Dr Jane Wilson-Howarth's passion for wildlife started when she was a toddler - with creepy-crawlies. This evolved into experiments with taxidermy with roadkill smuggled into the house. Her mother wasn't keen: she prefers flowers. Jane left London suburbia to bag a zoology degree in Plymouth before setting off on an overland trip to Nepal. That expedition gave her a new mission: to work towards improving the lot of the poor. After qualifying as a parasitologist (Masters from Oxford University) and as a physician (BM Southampton University) she spent eleven years working on various child survival projects in remote corners of Asia including for USAID. During her time in Nepal she helped set up aid to communities hit by disastrous flooding.
She has loved aquatic activities since her early childhood. Last summer she swam across a Norwegian fjord.
These days she lives in Cambridgeshire with her husband, sons, two dwarf rabbits and a multitude of inert stick insects. She works as a family physician, as well as as a guest lecturer at several universities and for Engineers without Borders. As a balance to clinical work she writes life-affirming prose with exotic themes. Jane already has three travel health guides in print as well as two travel memoirs, about Madagascar and Nepal. She continues to write extensively on travel and health including for British national newspapers (The Independent, The Guardian) and other national and international publications. She has written double-spread health features for Wanderlust travel magazine since issue one. She is now posting the occasional blog on her new author website, which also contains photo gallery see www.wilson-howarth.com.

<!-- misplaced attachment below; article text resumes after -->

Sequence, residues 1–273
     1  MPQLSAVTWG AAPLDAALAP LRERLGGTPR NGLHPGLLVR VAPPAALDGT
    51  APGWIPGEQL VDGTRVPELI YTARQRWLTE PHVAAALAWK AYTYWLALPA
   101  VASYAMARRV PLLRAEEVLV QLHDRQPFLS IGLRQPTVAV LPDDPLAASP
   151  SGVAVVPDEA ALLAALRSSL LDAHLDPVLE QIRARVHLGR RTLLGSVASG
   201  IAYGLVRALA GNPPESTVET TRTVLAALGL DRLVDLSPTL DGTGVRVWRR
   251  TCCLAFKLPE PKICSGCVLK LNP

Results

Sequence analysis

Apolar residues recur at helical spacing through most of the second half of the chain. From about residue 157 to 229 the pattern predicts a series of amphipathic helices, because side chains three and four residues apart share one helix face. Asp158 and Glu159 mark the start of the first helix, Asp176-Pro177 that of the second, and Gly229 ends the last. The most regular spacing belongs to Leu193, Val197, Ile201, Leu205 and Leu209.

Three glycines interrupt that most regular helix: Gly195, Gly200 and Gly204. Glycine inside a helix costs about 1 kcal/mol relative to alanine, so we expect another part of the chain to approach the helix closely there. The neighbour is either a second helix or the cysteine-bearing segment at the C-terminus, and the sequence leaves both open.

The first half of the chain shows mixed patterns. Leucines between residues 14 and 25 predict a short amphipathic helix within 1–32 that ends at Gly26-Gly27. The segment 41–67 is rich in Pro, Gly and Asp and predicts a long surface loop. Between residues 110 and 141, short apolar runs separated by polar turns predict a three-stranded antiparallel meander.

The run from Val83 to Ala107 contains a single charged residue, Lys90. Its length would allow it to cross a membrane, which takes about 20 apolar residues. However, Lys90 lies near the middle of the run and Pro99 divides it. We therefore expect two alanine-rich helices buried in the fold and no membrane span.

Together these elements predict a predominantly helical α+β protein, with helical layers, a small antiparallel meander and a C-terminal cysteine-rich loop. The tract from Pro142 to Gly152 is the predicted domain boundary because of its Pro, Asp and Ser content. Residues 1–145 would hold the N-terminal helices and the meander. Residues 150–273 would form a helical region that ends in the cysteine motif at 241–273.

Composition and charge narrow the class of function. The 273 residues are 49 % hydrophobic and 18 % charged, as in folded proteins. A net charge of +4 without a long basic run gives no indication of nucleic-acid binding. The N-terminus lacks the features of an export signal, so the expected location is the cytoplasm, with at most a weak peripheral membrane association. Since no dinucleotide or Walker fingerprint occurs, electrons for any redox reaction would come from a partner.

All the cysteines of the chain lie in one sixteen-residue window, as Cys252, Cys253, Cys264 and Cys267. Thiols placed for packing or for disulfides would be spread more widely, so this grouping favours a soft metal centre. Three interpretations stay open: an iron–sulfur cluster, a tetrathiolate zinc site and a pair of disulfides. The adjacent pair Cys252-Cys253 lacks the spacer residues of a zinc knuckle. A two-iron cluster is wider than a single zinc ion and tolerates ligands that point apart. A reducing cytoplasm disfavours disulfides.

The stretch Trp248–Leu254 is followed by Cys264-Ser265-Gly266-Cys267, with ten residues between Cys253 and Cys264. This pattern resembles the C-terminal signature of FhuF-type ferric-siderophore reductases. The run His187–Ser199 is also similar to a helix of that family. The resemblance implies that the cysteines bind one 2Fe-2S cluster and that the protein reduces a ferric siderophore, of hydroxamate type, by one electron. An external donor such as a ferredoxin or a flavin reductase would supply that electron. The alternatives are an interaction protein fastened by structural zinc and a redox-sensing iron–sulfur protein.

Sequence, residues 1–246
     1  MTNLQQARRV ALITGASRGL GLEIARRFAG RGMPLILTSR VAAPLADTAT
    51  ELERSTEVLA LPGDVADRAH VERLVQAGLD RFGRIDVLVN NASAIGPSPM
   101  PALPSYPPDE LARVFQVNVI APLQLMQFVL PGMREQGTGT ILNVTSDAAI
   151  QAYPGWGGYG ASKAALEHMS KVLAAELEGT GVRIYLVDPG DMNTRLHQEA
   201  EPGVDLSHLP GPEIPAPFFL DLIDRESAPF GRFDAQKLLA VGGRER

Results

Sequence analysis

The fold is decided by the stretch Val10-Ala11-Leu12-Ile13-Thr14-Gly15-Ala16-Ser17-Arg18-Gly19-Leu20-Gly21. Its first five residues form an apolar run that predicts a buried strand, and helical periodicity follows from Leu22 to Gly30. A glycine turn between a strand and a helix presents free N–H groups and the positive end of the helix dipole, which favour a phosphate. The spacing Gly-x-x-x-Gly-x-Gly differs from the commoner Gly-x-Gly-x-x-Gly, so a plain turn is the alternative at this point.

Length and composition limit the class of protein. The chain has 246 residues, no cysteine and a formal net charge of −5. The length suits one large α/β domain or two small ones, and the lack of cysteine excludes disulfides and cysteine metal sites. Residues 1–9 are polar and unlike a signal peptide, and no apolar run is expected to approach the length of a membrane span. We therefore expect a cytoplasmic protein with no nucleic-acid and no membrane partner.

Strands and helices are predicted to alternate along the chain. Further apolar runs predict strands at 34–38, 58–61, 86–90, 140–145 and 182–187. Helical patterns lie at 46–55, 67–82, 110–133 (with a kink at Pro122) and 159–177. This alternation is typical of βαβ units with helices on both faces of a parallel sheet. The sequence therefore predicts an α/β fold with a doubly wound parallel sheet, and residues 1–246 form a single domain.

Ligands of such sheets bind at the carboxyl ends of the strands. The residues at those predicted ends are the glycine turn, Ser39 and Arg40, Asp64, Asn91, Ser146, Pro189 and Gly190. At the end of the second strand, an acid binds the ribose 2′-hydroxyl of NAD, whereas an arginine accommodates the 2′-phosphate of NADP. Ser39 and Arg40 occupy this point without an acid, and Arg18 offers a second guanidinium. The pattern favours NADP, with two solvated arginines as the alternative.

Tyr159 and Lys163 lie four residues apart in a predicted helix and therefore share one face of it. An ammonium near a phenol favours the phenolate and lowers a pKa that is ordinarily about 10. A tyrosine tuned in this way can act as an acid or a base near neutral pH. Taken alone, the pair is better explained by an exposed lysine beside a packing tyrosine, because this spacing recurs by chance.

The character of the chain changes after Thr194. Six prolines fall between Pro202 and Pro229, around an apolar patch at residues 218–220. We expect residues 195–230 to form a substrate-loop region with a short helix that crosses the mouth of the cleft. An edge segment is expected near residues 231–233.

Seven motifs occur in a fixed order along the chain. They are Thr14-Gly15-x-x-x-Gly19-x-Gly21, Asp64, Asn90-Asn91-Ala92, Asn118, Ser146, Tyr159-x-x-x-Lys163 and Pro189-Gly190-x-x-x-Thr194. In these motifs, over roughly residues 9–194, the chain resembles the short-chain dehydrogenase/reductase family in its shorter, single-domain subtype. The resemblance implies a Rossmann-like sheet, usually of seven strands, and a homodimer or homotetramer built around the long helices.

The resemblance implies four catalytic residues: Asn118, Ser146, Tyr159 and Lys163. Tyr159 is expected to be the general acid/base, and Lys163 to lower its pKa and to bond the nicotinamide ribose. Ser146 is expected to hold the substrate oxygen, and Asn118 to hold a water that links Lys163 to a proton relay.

This year Jane launched her first novel, "Snowfed Waters", which is a fictional sequel of sorts to "A Glimpse of Eternal Snows"; readers will recognise some of the Nepali characters, as well as the scenery; it is available as a kindle and in book form.